Shared Custody & Divorce

by Mike Broemmel
Shared custody permits both parents essentially equal access to their children.

Shared custody permits both parents essentially equal access to their children.

Jupiterimages/Polka Dot/Getty Images

Custody issues oftentimes represent the most contentious aspect of divorce proceedings. As you contemplate a divorce case involving children, understanding the elements of custody determinations is crucial. Shared custody represents one type of custodial arrangement available to courts in different jurisdictions across the United States. Shared custody means that both parents enjoy physical custody of a child on an essentially equal basis. Despite its widespread availability, the laws on when shared custody is ordered in a divorce case vary significantly from one state to another.

Divorce is never easy, but we can help. Learn More

Understanding Legal Versus Physical Custody

A court in a divorce addresses two types of custodial issues: legal custody and physical custody. Legal custody references the right of a parent to make major life decisions on behalf of a minor child. These decisions include, but are not limited to, education, health care and religion. Physical custody refers to the parent who actually maintains the child in her residence. "Joint" usually is used in reference to legal custody while "shared" typically is attached to physical custody.

State Laws and Shared Custody

Although many states permit shared physical custody, differences exist between jurisdictions regarding when such an arrangement is permitted. In some states, a preference exists for shared physical custody while in others, the law favors other types of custodial schemes. Some states permit shared custody if requested by the parents, while others impose the arrangement on a family even if the parents object. Other jurisdictions have developed guidelines to be used by judges when determining whether to award shared custody.

Tests for Shared Custody

In some states, courts apply a test when determining the appropriateness of shared custody. An example of such a test is found in New Jersey law. The test is three-prong. First, the parents are required to prepare a parenting plan that establishes the responsibilities of each parent and specific parenting times. Second, each parent is required to have at least two overnight parenting times a week, excluding vacations and holidays. Third and finally, the parents must maintain open lines of communication with each other and be able to jointly make important decisions regarding their children.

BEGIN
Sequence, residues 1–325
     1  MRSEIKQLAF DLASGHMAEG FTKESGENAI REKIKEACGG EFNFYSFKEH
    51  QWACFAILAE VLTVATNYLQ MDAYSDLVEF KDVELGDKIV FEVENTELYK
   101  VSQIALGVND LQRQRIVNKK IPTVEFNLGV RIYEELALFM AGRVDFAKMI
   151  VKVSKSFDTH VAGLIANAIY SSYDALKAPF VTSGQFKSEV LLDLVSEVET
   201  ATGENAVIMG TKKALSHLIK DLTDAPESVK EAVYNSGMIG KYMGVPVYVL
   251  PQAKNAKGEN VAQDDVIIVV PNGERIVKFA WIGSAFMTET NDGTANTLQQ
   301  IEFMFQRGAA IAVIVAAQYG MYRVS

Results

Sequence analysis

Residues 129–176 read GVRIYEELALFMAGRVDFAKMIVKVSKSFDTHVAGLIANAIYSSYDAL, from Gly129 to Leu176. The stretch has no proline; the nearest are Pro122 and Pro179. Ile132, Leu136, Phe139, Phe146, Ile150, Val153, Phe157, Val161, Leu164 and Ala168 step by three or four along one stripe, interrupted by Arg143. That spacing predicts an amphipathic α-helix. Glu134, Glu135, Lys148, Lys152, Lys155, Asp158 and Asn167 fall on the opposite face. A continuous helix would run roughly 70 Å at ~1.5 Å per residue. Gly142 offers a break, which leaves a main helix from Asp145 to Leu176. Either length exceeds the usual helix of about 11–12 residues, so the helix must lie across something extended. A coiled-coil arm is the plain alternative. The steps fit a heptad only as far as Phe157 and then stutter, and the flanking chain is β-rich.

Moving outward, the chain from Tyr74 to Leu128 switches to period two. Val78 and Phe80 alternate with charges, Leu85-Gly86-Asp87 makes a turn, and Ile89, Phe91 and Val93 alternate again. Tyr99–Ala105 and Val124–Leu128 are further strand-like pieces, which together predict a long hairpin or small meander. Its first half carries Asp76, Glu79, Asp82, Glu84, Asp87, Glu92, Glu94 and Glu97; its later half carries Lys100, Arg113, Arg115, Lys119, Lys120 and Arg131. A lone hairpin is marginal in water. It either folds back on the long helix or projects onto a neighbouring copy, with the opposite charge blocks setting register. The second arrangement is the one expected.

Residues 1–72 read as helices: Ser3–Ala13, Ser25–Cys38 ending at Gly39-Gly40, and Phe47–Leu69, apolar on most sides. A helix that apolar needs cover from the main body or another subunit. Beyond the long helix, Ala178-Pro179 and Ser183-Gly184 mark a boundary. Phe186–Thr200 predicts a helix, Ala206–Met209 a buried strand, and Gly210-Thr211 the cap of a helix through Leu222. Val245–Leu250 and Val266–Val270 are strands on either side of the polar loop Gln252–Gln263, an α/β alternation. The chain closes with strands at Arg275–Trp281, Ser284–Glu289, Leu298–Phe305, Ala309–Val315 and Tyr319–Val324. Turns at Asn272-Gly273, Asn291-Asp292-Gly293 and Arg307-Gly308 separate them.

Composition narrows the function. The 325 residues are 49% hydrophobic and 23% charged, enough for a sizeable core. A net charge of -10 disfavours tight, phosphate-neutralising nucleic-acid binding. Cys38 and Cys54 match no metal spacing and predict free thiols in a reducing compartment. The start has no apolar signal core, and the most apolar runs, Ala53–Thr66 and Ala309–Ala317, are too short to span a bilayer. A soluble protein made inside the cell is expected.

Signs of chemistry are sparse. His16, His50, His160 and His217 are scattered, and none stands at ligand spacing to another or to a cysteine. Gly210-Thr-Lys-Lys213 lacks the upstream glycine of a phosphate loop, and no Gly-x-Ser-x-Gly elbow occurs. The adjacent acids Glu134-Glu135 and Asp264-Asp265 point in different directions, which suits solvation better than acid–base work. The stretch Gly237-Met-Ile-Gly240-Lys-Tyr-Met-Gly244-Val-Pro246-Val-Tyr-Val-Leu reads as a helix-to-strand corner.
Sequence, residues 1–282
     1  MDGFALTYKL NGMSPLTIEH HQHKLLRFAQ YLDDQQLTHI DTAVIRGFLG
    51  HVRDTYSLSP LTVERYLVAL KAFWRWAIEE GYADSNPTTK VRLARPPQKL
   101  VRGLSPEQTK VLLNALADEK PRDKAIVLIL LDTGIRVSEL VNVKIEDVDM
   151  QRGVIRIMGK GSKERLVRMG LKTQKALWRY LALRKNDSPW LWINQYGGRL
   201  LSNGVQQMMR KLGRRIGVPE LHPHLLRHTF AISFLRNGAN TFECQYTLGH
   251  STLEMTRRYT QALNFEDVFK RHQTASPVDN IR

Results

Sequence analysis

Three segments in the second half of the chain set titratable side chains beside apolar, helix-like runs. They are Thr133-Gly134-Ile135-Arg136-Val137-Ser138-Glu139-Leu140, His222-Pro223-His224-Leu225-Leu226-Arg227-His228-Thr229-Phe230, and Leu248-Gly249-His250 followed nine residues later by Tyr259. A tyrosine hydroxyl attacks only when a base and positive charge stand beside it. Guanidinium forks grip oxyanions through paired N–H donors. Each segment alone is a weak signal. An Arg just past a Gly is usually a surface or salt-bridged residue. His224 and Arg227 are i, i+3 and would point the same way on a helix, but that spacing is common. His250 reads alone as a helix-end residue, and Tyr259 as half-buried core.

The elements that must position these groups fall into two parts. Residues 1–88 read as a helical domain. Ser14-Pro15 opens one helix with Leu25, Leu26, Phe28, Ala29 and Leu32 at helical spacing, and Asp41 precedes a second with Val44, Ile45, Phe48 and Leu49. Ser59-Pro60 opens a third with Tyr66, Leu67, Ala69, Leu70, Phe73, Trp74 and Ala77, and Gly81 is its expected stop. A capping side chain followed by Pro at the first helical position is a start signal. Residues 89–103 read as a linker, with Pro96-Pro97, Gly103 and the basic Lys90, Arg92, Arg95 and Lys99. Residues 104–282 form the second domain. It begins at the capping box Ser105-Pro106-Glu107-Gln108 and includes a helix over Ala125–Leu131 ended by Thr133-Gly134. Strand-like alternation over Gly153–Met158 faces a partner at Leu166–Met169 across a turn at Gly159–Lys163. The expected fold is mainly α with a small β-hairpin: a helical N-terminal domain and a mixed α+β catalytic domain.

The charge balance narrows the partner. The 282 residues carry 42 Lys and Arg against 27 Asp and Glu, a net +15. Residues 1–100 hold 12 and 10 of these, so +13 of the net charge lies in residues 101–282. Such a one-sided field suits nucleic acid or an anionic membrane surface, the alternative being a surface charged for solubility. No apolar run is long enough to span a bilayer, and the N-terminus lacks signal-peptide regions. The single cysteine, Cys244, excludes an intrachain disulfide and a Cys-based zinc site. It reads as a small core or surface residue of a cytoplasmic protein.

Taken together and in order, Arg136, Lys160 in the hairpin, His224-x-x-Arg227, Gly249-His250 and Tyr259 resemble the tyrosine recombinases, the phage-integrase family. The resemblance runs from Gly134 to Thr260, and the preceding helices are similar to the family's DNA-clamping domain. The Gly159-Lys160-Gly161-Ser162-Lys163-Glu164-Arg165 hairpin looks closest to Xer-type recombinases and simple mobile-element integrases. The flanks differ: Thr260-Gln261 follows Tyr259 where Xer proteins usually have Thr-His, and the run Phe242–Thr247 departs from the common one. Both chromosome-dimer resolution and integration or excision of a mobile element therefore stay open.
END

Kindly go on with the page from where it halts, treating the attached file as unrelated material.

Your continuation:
Parenting Time Schedules

The theory behind shared custody is that each parent maintains physical custody of the child about 50 percent of the time. A variety of different parenting time schedules exist to further a shared custody arrangement. For example, in one scheme, parents may alternate physical custody week-by-week. In another scheme, one parent may maintain custody a majority of days in a given week, with the other parent enjoying fewer days of parenting time. The following week, the roles reverse. Provided that a shared custody arrangement is deemed fair and provides for a relatively equal allocation of time between the parents, a court is likely to approve an agreement reached by the parents.

Shared Custody and Child Support

On first blush, you might imagine that shared custody eliminates the need for child support because both parents theoretically have the child in their physical care and custody half of the time. In fact, an income disparity of some sort likely exists between the parents, with one parent earning more than the other. In such cases, a child support order may still be established despite the shared custody arrangement.